Letters from P.E.I. - Michael Broderick (1842-) to His Children, 1916, 1917.


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Transcribed by Betty Dean Holmes, Holmesy86@aol.com


Letters from Michael Broderick to His Children, 1916, 1917.

 

These two letters have been kept by my husband's family all these years. I don't suppose Michael Broderick wrote many letters, but other siblings in the family may have some. Michael Broderick and Elizabeth Lacy had ten children. Five boys, five girls. At the time of his writing these two letters, all the children had left home except the youngest son, John. Most came away to USA. Michael Broderick was born in 1842. He had a PEI country schooling, and at 72, he can write a fine letter filled with good advice. He was always a reader and subscribed to two newspapers.

My husband wears a replica of the signet ring given to Michael by his children. The original belongs to a cousin. Josie, whom he called "free lance", didn't marry until several years later. She was my dear mother-in-law. Betty Dean Holmes, Holmesy86@aol.com.


Elmsdale Lot 4
Sept 12th 1916


Note: These few lines are addressed to Mary Ellen and Elizabeth Broderick

My Dear children

I understand by letters received that you both are married. To that I have not the slightest objection, providing you have chosen good honest and industrious husbands and much that I would wish to be present at the ceremony of your marriages, under the circumstances it was impossible and although I was not there in person, I was with you in spirit.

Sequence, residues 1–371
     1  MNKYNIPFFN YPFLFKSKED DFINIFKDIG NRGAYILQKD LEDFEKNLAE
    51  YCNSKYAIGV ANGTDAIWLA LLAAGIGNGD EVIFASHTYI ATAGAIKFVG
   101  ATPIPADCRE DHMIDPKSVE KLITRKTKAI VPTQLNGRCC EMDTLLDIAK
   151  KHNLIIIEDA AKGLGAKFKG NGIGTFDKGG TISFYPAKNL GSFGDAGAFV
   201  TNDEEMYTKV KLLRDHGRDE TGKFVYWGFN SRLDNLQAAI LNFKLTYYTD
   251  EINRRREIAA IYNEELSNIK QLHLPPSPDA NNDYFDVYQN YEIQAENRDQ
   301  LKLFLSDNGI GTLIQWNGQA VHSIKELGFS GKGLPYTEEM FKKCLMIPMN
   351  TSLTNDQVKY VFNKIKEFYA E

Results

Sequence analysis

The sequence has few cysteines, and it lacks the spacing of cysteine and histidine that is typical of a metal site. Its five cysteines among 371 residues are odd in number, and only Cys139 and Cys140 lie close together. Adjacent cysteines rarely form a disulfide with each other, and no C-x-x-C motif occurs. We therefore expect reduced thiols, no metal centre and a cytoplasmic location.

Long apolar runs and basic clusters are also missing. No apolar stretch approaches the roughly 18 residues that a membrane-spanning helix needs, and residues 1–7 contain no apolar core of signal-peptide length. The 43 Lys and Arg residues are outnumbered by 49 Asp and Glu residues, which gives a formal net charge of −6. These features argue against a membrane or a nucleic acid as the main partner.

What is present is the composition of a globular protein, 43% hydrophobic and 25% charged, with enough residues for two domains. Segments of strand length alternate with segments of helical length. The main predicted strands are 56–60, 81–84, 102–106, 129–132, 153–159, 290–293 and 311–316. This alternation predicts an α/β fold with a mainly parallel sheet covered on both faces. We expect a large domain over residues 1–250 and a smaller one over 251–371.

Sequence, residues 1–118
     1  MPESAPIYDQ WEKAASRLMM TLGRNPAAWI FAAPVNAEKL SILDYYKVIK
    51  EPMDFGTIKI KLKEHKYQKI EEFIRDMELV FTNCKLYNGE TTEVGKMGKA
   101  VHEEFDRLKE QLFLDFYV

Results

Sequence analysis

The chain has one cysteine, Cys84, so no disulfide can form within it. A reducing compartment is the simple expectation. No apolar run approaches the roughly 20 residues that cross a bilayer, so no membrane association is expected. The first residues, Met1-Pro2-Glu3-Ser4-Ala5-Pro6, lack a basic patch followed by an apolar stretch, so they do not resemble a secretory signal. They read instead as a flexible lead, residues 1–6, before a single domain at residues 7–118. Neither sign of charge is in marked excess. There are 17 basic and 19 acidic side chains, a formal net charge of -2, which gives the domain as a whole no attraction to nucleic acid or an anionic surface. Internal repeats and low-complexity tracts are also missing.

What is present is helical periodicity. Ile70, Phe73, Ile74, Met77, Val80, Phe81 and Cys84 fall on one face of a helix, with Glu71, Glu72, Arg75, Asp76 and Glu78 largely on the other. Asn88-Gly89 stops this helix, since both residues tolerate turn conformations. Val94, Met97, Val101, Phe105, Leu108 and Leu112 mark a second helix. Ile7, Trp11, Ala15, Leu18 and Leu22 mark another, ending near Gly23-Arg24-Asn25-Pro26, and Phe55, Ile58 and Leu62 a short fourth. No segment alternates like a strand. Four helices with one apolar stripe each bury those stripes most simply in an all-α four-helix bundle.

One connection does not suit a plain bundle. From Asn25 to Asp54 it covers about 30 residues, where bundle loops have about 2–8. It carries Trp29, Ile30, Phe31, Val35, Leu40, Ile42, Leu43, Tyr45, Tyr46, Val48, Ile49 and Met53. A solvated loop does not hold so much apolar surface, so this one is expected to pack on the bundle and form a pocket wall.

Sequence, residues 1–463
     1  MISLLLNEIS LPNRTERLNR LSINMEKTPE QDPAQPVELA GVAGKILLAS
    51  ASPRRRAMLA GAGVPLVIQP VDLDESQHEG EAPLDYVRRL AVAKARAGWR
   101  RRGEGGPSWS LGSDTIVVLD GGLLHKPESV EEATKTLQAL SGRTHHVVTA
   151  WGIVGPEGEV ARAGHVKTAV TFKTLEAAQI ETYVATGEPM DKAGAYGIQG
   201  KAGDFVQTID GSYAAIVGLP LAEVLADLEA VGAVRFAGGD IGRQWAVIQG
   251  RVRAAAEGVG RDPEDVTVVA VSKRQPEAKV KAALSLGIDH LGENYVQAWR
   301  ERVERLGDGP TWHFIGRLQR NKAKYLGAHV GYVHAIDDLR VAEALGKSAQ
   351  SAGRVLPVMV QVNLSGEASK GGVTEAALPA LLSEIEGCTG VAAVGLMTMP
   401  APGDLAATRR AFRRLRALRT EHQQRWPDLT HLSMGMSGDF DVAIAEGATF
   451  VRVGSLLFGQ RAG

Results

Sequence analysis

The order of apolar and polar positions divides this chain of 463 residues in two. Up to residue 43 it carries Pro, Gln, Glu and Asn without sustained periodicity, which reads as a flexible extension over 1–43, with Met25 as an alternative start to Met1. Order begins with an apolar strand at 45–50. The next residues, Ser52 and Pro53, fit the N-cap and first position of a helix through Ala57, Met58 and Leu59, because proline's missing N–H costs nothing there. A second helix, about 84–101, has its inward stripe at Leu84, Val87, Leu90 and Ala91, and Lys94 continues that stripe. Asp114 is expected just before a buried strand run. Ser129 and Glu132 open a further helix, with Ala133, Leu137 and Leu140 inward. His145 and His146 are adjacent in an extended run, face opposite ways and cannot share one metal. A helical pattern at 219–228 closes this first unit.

I suppose you both realize the very important step you have taken, the most important step you have ever or ever will take. Consequently, you should make up your minds to do your duties as married women in every respect so that you will live happy lives.

Remember you will have your dark as well as your bright days and always be ready to meet them. Be economical and saving of your husband's money and above all things live within your income and if possible, save something for a hard time. Sickness or some other misfortune may overtake you, then you will see the good of having saved something.

Attend strictly to your religious duties and always encourage and advise your husbands to be sober and faithful men.

A feeling of sadness steals over me betimes when I think that having reared five daughters that now in our old days we have not one . It appears I only had the lend of them for a few years. They thought their home a cage and like the birds flew away, but such is life. We must be reconciled. Perhaps it is all for the best.

I have not much more to say. Only think of my advice because the admonitions of your old father proceeds from love. Remember me to Josephine. Hope she is well, also your respective husbands. I may meet them some time. I will bring this letter to a close by wishing you and yours much joy and happiness.

P. S. I thought it unnecessary to write each of you a letter, so you both can read it in company.

We are well on with the harvest. The crop is pretty good. I get fairly good health. I have to work pretty hard. Your mother and John are well. Do you hear from Tom? Write soon.

From your affectionate father, M. Broderick


Elmsdale Jan 11 1917

Dear Children,

You must forgive me for not writing you before to thank you for your kind remembrances of me at Christmas. I was more than pleased and delighted to receive that beautiful signet ring you sent me. It will always remind me of your love and affection. I will have to wear it on the little finger of the left hand as the little finger of the right hand is crippled, as you know. However, it makes no difference. It is as easy to look at the left finger as the right.

I hope you all spent a joyful and happy Christmas and that you will have a prosperous new year. As for ourselves, we spent a very quiet Christmas. No visitors, nor did we visit. We felt the absence of our dear ones. However, we had the old time roast goose and plum pudding. The goose and pudding lasted for nearly a week. At last a hungry man came in and finished it.

I hope you are well and enjoying your married life as good Christian people, that is those of you who are married. I suppose Josie is still a free lance.

From your affectionate father, M. Broderick


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